Wednesday, July 2, 2008

Wikis in the workplace

This week I read a very interesting article in Newsweek that I wanted to draw your attention to.
Here is a summary of the full article for you:
The United Nations, notorious for endless deliberations, is trying a technological quick fix. Its Global Compact Office, which promotes corporate responsibility, has embraced the wiki in hopes that it will help staff in 80 countries share information and reach consensus with less deliberation and more speed.

It is debatable whether encouraging public input is a good way to increase efficiency, but the move is the latest example of a quickly growing trend. Wiki software—easy-to-use programs that let anyone with Internet access create, remove and edit content on a Web page—first gained popularity thanks to Wikipedia, the user-generated encyclopedia that has come to be hailed as one of the Web's greatest resources. Now the technology is increasingly spreading outside the world of tech geeks and into the mainstream, being adopted by workplaces, corporations and even governments. In what's been dubbed the "wiki workplace," a growing number of organizations have begun shifting from traditional hierarchical structures to self-organized and collaborative networks, using wiki software—a basket of technologies that include wikis, blogs and other tools—to foster innovation across organizational and geographic boundaries.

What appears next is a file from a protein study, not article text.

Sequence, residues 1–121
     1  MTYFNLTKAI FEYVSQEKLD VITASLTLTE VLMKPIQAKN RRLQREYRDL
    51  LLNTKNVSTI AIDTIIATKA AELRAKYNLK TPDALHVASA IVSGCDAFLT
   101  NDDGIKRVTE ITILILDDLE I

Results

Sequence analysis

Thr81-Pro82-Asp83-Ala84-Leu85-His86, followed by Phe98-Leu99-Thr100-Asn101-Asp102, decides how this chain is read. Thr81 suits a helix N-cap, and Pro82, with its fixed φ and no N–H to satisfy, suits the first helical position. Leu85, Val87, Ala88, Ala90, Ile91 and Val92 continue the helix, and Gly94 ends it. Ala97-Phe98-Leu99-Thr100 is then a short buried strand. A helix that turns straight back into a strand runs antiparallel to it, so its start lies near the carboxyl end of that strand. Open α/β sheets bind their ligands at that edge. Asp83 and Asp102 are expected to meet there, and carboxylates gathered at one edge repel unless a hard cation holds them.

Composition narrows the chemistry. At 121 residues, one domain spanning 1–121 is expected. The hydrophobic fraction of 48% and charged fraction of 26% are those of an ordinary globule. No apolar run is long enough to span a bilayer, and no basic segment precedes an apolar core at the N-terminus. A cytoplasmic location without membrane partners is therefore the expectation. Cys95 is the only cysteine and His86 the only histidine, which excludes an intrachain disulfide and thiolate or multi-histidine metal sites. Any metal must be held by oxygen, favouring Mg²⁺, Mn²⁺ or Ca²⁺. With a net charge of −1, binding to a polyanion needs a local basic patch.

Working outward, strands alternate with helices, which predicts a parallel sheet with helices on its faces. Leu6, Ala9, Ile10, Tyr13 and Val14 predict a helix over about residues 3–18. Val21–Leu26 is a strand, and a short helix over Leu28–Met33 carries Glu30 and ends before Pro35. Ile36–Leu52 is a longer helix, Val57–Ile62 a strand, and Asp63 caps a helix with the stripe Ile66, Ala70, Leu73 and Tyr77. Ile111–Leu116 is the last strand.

Executives say the new tools make it easier for teams to collaborate and share information, and to get projects up and running on the fly. "Collaborative software has become a very important part of how businesses will invent and innovate," says Ken Bisconti, IBM's vice president of messaging and collaboration software. IBM has used internal wikis since 2005, with an eye to selling the concept to its clients. IBM has incorporated the wiki and other collaborative software into its corporate products like Lotus Notes, a desktop software for accessing e-mail and other applications. Its most advanced tool, the Quickr 8, combines blogs, wikis and plug-ins called "connectors" to link a range of business documents and libraries. Meanwhile, governments and
NGOs are, like the United Nations, experimenting with using the wiki concept to collaborate within—even involve constituents in policymaking. Sixteen U.S. intelligence agencies have begun using a common wiki called Intellipedia, a government-run—and top-secret—information-sharing source that allows them to merge research and intelligence gathering. And the nonpartisan WikiCongress—a user-generated Capitol Hill founded by former U.S. congressional staffers—lets the public vote on bills, create petitions and propose new policy, and then forwards the results to legislators.
"Wikinomics" coauthor Don Tapscott says wikis have the potential to spawn new models for international problem solving and dialogue, increase transparency in government and open communication between citizens and policymakers. Consider Habitat Jam, an open conversation that was hosted recently by the nonprofit Globe Foundation in preparation for the third session of the World Urban Forum, a gathering of leaders to discuss the impact of global urbanization.
See the full article for more details.

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